The owner of a Texas coffee-roasting company who boasted on Facebook about his part in the January 6 insurrection -- but then lied to the FBI about it -- escaped the short prison sentenced recommended by prosecutors today.
Vic Williams, 49, of Odessa, TX, was sentenced to one year of probation, including a two-month term of home confinement by U.S. District Judge Rudolph Contreras, LawandCrime.com reported Monday. But Williams can travel to work with approval from probation officers.
Prosecutors had recommended 14 days in custody followed by three years’ probation, 60 hours of community service, and $500 in restitution.
Williams, who posted as “Stiemy Vic" on social media, was most distinctive for these two lines in the FBI description of its interview with the defendant:
“Williams stated that he did not go inside the Capitol building. Williams owns a roasting company and, at the conclusion of the interview, gave two bags of coffee to the interviewing agents.”
The Department of Justice apparently focused on the first part of that statement at the sentencing hearing.
“At the hearing, prosecutors reminded Contreras that Williams had lied to the FBI when he interviewed them by telling them he had only gone to the door of the Capitol, but not inside, as he actually had done,” Law and Crime reported.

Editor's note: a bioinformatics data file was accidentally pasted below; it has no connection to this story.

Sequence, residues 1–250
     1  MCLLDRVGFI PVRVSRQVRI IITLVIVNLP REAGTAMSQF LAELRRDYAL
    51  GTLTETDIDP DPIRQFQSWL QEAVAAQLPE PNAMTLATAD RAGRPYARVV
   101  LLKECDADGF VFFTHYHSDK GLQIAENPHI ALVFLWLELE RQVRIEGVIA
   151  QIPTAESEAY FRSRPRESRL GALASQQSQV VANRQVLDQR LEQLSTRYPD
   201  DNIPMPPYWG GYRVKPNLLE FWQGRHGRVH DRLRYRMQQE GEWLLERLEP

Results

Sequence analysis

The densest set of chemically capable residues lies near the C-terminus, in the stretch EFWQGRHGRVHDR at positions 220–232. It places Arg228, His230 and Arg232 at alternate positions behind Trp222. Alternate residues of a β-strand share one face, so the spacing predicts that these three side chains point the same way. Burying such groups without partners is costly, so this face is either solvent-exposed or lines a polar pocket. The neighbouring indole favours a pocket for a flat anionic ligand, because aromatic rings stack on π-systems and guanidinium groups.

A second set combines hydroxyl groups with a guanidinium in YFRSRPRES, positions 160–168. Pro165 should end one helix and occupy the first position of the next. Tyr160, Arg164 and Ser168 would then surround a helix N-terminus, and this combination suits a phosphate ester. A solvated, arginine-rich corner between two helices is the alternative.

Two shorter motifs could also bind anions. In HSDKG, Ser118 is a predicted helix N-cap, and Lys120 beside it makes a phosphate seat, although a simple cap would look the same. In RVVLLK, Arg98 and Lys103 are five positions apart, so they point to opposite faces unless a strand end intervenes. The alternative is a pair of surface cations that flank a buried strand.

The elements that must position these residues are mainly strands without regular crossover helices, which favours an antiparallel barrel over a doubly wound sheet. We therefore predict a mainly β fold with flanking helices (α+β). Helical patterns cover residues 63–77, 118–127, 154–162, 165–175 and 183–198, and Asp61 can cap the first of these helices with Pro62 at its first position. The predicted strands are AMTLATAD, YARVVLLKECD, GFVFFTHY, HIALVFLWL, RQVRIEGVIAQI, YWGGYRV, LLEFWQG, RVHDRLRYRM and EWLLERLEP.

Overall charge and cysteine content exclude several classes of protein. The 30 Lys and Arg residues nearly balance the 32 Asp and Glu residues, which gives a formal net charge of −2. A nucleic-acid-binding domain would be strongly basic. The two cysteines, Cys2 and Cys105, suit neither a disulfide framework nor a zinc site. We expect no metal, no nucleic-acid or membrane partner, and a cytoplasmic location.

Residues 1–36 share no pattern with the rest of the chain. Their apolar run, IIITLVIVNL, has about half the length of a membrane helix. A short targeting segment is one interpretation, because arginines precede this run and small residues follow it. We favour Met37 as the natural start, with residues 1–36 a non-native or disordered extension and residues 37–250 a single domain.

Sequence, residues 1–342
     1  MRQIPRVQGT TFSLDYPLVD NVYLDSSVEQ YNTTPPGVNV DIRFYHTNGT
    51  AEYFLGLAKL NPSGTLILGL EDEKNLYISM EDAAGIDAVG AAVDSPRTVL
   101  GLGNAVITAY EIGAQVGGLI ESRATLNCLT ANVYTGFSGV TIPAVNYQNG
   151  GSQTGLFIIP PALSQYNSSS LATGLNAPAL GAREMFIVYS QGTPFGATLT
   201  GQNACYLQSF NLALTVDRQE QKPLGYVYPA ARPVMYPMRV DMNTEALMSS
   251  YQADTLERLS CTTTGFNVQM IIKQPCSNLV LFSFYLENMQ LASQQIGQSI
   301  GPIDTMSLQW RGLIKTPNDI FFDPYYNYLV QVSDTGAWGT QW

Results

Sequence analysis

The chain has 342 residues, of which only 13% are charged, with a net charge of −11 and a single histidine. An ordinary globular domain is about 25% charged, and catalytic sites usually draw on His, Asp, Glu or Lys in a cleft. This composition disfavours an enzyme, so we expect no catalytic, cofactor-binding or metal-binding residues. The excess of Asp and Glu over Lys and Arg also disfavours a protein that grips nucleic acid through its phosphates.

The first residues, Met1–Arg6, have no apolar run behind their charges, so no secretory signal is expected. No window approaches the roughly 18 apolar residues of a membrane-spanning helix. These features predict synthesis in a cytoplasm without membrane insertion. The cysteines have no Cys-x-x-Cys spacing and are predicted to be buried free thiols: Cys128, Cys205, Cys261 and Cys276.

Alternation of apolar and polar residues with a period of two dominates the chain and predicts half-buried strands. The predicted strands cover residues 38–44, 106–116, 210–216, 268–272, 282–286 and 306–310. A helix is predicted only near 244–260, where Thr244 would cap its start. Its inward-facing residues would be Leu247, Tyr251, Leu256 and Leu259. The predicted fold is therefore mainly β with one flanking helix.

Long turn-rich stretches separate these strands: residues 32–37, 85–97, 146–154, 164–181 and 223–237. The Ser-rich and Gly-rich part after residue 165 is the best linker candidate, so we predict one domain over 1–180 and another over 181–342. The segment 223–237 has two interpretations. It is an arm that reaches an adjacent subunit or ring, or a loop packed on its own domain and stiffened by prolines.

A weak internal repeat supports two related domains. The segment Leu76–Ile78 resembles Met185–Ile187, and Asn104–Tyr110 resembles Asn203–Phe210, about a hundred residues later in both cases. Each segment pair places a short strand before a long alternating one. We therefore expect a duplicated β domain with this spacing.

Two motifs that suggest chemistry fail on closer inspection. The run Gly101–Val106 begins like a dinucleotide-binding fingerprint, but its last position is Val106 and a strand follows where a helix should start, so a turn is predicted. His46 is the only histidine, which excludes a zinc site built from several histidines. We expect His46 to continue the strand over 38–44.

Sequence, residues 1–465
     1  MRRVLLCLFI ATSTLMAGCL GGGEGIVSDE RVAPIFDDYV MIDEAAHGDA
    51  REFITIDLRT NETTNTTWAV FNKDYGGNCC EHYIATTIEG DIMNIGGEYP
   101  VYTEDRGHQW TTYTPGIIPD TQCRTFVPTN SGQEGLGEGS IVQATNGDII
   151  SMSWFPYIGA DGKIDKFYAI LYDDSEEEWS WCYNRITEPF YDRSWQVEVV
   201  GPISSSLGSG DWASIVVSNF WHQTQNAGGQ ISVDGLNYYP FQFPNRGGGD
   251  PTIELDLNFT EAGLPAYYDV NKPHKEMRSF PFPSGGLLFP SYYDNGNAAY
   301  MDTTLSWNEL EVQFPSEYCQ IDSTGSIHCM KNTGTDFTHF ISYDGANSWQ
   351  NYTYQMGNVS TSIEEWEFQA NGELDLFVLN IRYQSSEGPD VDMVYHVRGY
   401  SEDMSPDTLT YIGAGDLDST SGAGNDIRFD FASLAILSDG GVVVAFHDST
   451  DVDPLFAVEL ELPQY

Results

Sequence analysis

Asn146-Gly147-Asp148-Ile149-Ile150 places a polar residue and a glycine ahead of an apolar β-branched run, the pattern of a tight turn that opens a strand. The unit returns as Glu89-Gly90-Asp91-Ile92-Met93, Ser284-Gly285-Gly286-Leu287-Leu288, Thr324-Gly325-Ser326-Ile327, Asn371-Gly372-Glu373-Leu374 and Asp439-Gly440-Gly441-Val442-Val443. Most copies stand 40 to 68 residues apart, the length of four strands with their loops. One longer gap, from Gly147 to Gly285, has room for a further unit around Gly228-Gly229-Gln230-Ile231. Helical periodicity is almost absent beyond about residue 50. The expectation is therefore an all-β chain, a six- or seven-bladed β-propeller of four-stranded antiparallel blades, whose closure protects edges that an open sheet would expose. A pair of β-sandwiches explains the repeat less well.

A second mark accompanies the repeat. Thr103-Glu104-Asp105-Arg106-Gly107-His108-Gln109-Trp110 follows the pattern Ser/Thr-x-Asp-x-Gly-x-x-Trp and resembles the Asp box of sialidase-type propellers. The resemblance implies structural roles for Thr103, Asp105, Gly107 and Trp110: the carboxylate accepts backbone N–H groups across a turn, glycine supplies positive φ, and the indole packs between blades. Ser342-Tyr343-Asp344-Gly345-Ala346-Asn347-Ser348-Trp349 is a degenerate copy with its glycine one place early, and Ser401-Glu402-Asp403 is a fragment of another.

Williams told the judge, “I did not want to lie to the FBI, but I sure didn’t want to admit I went into the building. I was scared to death.”
Among social media posts cited by the feds were these:
“I said I wasn’t going in by then I couldn’t help myself,” he wrote in a post that appeared to be taken from within the crowd outside the Senate Wing Door, according to the FBI complaint.
“WE are America!” he wrote in a post featuring a selfie from a different angle outside the Capitol building.
He also sent private messages telling people “I’m inside,” “Inside the Capitol,” and “I got in the Capitol.”
But based on lawandcrime.com’s reporting, the judge, who it noted was an appointee of President Barack Obama, somehow saw past that in the sentencing.
“Before issuing his sentence, Contreras commented on the more than 50 pages of letters of support that Williams had submitted with his sentencing memorandum.
“Everyone’s saying you’re the greatest thing since sliced bread,” Contreras told Williams.
“Contreras noted that in addition to Williams’ “charitable activities,” including a foundation that supports children and schools in villages in Kenya and elsewhere, Williams also has a coffee company that “provides high quality coffee for members of armed services.
“Good luck to you sir,” Contreras said at the end of the hearing. “I hope this is just a blip in an otherwise commendable good life.”